Posts Tagged ‘dandruff tincture’

Easy Effective Dandruff Treatment

Saturday, November 8th, 2008

Dandruff is a very common hair problem which is often made worse by repeated applications of strong, commercial dandruff treatments. Most cases of dandruff are caused by the accumulation and buildup of residue shampoo and/or soap on your scalp. Simple thorough rinsing after shampooing usually prevents dandruff. For all but the worst cases (when a doctor should be consulted), the stinging nettle and vinegar recipes work very well at both cleansing and killing bacteria on the scalp.

Vinegar, especially apple cider vinegar, is one of the best ingredients in hair rinses for all types of hair. It helps to restore the natural acid balance of the skin of your scalp and stops scalp itching. Vinegar, and herbal vinegar rinses, also thoroughly cleanse your hair and skin, get rid of all traces of soap and does not leave an unpleasant smell of its own.

Other herbs that can be used to treat dandruff are burdock, goosegrass, southernwood, witch hazel, and horsetail. (For more ideas and proven homemade recipes, see “ Herbs for the Hair”, “Effective Herbal Hair Conditioners” and “Effective Hair Tonics and Rinses” in the “Homemade Herbal Recipe” category of this blog.)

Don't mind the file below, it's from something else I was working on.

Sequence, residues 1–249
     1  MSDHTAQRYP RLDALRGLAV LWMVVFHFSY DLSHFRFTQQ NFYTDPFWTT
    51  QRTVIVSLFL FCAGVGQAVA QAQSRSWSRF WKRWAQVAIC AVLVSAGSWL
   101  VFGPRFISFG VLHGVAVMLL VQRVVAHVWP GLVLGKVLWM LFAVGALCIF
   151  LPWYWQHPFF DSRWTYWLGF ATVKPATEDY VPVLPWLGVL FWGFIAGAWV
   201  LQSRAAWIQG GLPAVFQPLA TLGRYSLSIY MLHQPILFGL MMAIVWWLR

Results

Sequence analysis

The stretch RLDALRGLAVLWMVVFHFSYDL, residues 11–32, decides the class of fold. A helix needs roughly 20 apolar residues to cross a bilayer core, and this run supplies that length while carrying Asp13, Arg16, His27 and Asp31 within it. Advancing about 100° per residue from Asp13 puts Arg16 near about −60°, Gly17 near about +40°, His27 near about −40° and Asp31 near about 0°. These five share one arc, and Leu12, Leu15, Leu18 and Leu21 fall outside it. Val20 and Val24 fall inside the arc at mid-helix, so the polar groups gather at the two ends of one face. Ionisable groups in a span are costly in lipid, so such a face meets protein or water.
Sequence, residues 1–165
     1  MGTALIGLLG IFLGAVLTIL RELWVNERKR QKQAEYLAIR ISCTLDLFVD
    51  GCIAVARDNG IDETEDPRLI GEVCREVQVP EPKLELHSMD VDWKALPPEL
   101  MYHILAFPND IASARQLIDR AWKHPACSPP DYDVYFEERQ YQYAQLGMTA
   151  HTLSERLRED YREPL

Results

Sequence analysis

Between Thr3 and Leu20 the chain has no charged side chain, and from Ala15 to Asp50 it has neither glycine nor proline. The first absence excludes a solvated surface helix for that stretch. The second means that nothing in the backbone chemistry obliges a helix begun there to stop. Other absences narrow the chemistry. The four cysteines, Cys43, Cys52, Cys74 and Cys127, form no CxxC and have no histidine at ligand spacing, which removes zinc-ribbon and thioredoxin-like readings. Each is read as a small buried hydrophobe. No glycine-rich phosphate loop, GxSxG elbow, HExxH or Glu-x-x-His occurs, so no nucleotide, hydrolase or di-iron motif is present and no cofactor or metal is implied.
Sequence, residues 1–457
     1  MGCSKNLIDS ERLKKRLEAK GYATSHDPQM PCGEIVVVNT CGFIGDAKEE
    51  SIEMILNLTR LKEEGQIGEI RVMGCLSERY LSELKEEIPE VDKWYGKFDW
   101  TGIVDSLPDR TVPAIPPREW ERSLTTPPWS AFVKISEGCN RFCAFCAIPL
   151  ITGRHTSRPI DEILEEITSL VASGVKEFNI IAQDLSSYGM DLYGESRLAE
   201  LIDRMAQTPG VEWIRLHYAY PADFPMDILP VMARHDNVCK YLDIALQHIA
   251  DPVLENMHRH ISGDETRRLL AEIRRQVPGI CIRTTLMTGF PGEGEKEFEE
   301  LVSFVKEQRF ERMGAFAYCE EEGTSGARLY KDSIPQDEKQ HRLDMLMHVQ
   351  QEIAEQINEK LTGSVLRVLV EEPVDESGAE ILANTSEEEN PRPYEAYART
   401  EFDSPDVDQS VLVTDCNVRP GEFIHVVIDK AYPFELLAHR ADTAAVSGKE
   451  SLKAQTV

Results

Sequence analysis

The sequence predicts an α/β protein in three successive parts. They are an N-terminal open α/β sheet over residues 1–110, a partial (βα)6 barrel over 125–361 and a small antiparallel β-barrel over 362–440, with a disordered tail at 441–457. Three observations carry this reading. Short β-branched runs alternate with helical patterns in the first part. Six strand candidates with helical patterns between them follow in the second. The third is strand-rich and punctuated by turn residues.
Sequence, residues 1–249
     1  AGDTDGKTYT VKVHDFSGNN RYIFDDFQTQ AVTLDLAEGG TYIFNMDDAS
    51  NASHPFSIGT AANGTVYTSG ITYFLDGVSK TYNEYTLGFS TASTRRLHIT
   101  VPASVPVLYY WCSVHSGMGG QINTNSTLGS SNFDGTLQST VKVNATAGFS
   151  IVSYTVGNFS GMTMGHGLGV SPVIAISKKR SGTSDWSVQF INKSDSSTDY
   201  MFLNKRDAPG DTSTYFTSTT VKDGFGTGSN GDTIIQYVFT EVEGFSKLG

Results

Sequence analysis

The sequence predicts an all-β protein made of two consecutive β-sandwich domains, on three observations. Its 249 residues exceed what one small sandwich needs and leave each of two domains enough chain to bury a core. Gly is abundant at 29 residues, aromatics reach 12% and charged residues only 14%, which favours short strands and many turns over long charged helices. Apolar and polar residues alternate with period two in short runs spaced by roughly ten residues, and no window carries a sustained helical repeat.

Make a strong infusion of any of the “Herbs for the Hair” and mix with cider vinegar for effective results.

Quick Dandruff Treatment

Fresh nettles, cider vinegar

Either steep fresh nettles in vinegar for a week or two, strain then bottle; or simmer fresh nettles in vinegar for 30 minutes.

To use: Rub 2 T into the scalp twice a week to eliminate then prevent dandruff.

Or, make a tonic or tincture with nettles. Use:1 T of this nettle tincture with1 T of warm water.

Sprinkle evenly over the hair, being careful to avoid the eyes, and massage well into the scalp. Repeat twice a week. (for directions on making a tincture, see, “How to make a tincture”)

FYI: Nettle as an herb, originates in Europe and is of the Urtica plant species. Because the nettle leaves are covered in stinging hairs caution should be exercised when handling them, as the formic acid injected by serious stings may cause recurrent ‘nettle rash’. Because of this, the alternate name of ‘stinging nettle’ is often used when referring to this plant.

The young leaves and flowers of the nettle are widely used, imparting a mild flavour in teas and some cosmetic preparations.

The older leaves are used for infusions, expectorates, and astringents. The are also used in hair restorers (the above dandruff treatment), and used homeopathically to treat various skin ailments.

On an interesting note, the stem fibers are strong enough for linen weaving, papermaking and spinning into ropes!

Related species are U. Breweri (North American), U thunbergiana (Japanese), and U urens (also called annual nettle and burning nettle), which is a smaller plant with reddish stems and small oval deep green leaves, but has similar uses to Urtica dioica.

When making a dandruff treatment, cover the nettle leaves with vinegar. The longer you steep this mixture, the stronger the resulting tonic will be.